By Brad Anderson, AARP Iowa State Director
“It’s growing on me.”
“Hey, @bradandersonIA, Miami Vice called. They want their paint back.”
These were verbatim reactions to our Des Moines East Village Better Block project from a person driving by in a convertible, a skeptical business owner, a local columnist and a jealous fellow AARP State Director from the east coast.
Like it, don’t like it, love it, don’t understand it – whatever you think of this project and similar projects across the country, the result was what we intended. It got people talking.
Why would AARP sponsor a major effort to transform a block of the East Village and turn it into a vibrant destination, only to tear it all down a week later? Honestly, I asked the same question. From Monday, July 16 – Thursday, July 19, we painted the street, sidewalk and protected bike lane on Grand Avenue between East 5th and East 6th Streets. For a single block we built benches and planters, made signs, brought in trees, outdoor tables and chairs for local restaurants, and even painted a mural.
Months of planning went into the Better Block project, along with city permitting, door-to-door petitioning, materials, and buckets of sweat from our dedicated AARP volunteers. When I first heard about the project it seemed like a lot for a week-long transformation, but I went along since I’ve always had a soft spot for risky, not-always-practical creativity that turns heads.
With the plywood removed and the washable paint awaiting some rain, it’s safe to say our Better Block project was a success. I admit I don’t know much about urban planning, but one thing I do know is that it’s easier to see how something works live and in person than looking at a plan on paper.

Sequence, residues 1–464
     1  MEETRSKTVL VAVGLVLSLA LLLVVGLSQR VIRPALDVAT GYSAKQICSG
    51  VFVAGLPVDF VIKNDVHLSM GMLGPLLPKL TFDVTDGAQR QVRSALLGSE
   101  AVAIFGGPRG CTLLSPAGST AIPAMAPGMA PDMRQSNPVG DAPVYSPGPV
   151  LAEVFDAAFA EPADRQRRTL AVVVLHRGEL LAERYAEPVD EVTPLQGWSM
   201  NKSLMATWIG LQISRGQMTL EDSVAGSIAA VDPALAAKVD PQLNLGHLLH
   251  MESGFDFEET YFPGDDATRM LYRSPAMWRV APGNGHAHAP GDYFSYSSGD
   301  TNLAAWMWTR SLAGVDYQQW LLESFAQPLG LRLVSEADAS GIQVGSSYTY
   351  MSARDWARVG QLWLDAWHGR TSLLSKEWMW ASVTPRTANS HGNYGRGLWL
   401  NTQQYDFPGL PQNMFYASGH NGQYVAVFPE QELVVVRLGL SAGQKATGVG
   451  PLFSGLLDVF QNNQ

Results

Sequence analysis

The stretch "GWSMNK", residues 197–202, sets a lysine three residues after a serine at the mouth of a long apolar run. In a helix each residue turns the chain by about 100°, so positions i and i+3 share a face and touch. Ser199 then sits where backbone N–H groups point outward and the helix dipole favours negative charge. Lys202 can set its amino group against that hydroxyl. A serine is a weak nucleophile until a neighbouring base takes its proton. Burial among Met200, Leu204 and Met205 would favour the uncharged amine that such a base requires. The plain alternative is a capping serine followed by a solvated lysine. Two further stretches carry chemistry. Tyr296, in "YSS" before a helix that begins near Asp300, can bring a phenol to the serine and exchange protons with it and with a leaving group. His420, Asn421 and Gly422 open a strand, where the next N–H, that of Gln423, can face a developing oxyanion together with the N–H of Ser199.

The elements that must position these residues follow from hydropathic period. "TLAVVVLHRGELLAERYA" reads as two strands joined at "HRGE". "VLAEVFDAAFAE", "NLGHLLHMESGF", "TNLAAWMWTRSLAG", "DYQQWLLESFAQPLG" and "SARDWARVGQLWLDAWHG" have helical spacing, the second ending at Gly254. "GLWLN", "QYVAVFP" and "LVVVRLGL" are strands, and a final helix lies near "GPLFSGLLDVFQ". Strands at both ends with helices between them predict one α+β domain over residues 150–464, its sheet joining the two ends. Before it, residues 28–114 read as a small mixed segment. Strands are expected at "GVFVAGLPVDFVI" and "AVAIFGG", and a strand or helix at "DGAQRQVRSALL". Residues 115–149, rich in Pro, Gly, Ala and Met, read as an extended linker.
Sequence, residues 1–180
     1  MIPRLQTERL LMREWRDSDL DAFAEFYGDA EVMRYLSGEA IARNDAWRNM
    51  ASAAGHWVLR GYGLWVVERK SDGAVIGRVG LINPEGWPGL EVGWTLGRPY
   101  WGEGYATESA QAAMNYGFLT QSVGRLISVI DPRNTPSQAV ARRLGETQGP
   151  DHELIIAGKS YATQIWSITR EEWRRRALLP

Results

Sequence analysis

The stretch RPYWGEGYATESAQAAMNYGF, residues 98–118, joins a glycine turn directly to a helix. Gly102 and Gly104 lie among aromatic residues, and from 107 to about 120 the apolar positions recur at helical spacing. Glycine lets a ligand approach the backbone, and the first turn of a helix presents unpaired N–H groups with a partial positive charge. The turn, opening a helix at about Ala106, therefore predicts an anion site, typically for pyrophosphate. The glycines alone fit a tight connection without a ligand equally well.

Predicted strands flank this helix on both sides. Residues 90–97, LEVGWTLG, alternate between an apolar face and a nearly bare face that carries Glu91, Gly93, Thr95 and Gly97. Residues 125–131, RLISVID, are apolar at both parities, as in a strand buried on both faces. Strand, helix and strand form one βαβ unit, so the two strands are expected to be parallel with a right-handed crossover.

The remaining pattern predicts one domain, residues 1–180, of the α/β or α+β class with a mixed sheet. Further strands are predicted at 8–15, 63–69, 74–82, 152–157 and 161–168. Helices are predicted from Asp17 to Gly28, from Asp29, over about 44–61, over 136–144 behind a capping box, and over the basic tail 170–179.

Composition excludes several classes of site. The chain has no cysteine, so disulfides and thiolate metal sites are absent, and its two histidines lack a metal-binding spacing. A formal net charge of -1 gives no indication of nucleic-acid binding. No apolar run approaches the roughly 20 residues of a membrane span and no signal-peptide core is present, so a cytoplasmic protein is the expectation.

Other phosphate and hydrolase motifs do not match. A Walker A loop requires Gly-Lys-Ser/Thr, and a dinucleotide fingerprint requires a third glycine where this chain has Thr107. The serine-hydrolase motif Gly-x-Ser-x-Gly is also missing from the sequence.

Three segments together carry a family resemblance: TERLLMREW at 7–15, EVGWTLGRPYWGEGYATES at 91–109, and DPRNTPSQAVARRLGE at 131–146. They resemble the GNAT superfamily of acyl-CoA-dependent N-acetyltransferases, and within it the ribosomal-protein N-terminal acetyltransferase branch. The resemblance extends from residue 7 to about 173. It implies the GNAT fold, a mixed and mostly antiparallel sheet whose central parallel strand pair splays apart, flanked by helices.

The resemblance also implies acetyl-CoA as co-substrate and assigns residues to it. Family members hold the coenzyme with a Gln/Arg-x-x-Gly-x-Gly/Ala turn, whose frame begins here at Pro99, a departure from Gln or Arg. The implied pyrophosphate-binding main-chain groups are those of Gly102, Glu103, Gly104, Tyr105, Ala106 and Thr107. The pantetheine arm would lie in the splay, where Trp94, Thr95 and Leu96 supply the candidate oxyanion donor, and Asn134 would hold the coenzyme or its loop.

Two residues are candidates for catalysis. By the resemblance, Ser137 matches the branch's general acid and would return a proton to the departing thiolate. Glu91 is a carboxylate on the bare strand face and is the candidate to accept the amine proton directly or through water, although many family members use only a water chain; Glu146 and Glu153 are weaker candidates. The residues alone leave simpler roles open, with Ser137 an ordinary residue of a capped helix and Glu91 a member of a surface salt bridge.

The nice thing about transforming a one-block area is that you get a true sense of what it takes to turn a simple
streetscape into a destination. You don’t need to be in Paris to drink coffee at a bistro table on a sidewalk - we did that in Des Moines. Why don’t we protect our bike lanes with elevated planters, and make them colorful to clearly delineate bike lanes from auto lanes? These types of bike lanes are not only more vibrant and visibly appealing; they’re safer and easier to navigate for both drivers and bikers.
After the project was complete and we cut a symbolic ribbon with oversized scissors, we watched as kids biked and skateboarded past our AARP volunteers hanging out at the tables. The whole thing just worked. Yes, it takes time and money to make complete streets such as these permanent, but we must make these complete streets a priority if we want to continue to maintain Des Moines’ status as a city on the move.
AARP supports investing in more walkable, bikable and livable streets because the 50+ community is doing 50+ differently than they did decades ago. They want to bike to work and walk to the store. We also support transforming streets into social hubs because the danger of social isolation is real and now considered a global health risk. A recent study from AARP Public Policy Institute outlined the dangers of social isolation on health – likening it to smoking 15 cigarettes a day.
Our Iowa AARP office will be continuing our Livable Communities work in Des Moines and expanding it to other communities throughout the state. Visit our website at aarp.org/livable to learn more about AARP Livable Communities, and if you want to transform a block where you live, or need help making your streets more complete, send us an email at IaAARP@AARP.org. And finally, if you want to volunteer for AARP and make a difference in your community, sign up today at aarp.org/giving-back.